FIRST REPORT: male child with repeated pulmonary infections from the age of 4 months. He was diagnosed as iga deficiency (undetectable IgA levels) at the age of 3 years, when he presented repeated bouts of pneumonia and tonsillitis. Several immunologic evaluations were made between the ages of 4 months and 8 years. At 8 years and 9 months, the diagnosis of iga deficiency was confirmed, and associated IgG2 and IgG4 deficiency (29.0 mg/dl y 0.01 mg/dl) with normal total IgG serum level was found. With the administration of intravenous gammaglobulin, the lung infections remitted and the subsequent clinical course has been uneventful up to now. SECOND REPORT: a boy with repeated infections since the age of 2 months. iga deficiency was diagnosed at 1 year 7 months (undetectable serum IgA levels). At age 51/2 years, his clinical course worsened and more serious infections appeared. A new immunologic study revealed iga deficiency associated with CD4 cell deficiency (432 cells/mm3) and normal CD3, CD19, and CD8 levels. Despite intensive antibiotic treatment and care, the child died. The findings suggest an association of iga deficiency and common variable immunodeficiency. ( info)

8/189. sarcoidosis and common variable immunodeficiency. A case of a malignant course of sarcoidosis in conjunction with severe impairment of the cellular and humoral immune system.

    The occurrence of sarcoidosis in combination with common variable immunodeficiency (CVID) has been described in a small number of patients. In these patients, sarcoidosis consisted of lymphadenopathy, mild to moderate pulmonary involvement and hepatosplenomegaly. However, severe and rapidly progressive pulmonary fibrosis in combination with a severe defect of the cellular and humoral immune system has not been described yet. In our patient, defects of the T and B cell system resulted in severe immunodeficiency. The defect of the humoral immune system was characterized by the impairment of specific antibody production in vivo. In addition, hypogammaglobulinemia with missing IgA and IgE along with a marked defect in IgM and IgG production was noted. There was a progressively reduced lymphocyte proliferation in response to T cell mitogens, while proliferation after specific IL-2 stimulation was normal. A Th1 lymphocyte-subset-like profile might thus play a role in the pathogenesis and might form the connecting link between sarcoidosis and CVID. This is the report of a so far new and unique combination of severe immunodeficiency and sarcoidosis also associated with a congenital dysmorphia consisting of a palatal cleft. The findings of the 40 patients with CVID and sarcoidosis reported so far are discussed in order to point out the typical features of patients with this uncommon syndrome. ( info)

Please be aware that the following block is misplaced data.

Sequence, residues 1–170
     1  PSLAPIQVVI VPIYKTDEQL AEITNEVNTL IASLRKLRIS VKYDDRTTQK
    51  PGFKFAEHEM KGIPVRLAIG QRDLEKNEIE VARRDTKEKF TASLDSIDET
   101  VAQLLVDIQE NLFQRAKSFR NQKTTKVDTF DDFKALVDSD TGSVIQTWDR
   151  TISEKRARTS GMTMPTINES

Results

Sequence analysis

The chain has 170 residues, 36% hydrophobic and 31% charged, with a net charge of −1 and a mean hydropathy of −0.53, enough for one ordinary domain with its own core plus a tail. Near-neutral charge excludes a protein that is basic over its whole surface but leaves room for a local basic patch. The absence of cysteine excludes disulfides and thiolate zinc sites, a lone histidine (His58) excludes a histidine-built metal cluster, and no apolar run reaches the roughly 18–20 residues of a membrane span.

9/189. Myelin widenings and MGUS-IgA: an immunoelectron microscopic study.

    A few studies have reported a variety of nonspecific histological lesions in patients with IgA monoclonal gammopathies and polyneuropathy. In our case, using electron microscopy, we observed widenings of the myelin lamellae identical to those commonly described in IgM neuropathies with anti-myelin-associated glycoprotein activity. Using immunoelectron microscopy, we demonstrated a direct involvement of IgA in myelin lesions. The search for a direct link between monoclonal dysglobulinemia, regardless of type, and polyneuropathy is important and may influence treatment. ( info)

10/189. Simultaneous peripubertal onset of multireactive autoimmune diseases with an unusual long-lasting remission of type 1 diabetes mellitus.

    Although it is well known that patients with type 1 diabetes mellitus are susceptible to other autoimmune diseases, the simultaneous occurrence of clustered distinct autoimmune diseases is uncommon. We report a 16-year-old girl, previously diagnosed as having coeliac disease and iga deficiency, who at 13 years of age developed a clustering of distinct autoimmune diseases, including type 1 diabetes mellitus, rheumatoid arthritis (RA) and euthyroid autoimmune thyroiditis, eventually resulting in a simultaneous long-term remission. The clinical picture was associated with a functional immunodeficiency characterized by a defect in proliferative responses to T cell predominant mitogens and a normal response to the B cell predominant mitogen. In addition, the T cell activation markers HLA-DR, IL-2 receptor and transferrin receptor) were not upregulated. The clinical course of this immunodeficiency paralleled the outcome of the autoimmune diseases. After the abrupt onset, spontaneous clinical remission of both diabetes mellitus and RA was observed. insulin was first reduced in dose and then discontinued completely at 15 months, in the presence of normal C peptide secretion and normal metabolic control (HbA1c 5.8%). Anti-glutamate decarboxylase (GAD65) and anti-IA-2 antibodies remained persistently high. During the remission phase a normalization of the functional immune defect was observed. The gradual resolution of the multisystemic diseases as well as the normalization of immune function in our patient is unusual. This case may be of considerable value in furthering our knowledge of the immunological mechanisms implicated in these rare multireactive syndromes. ( info)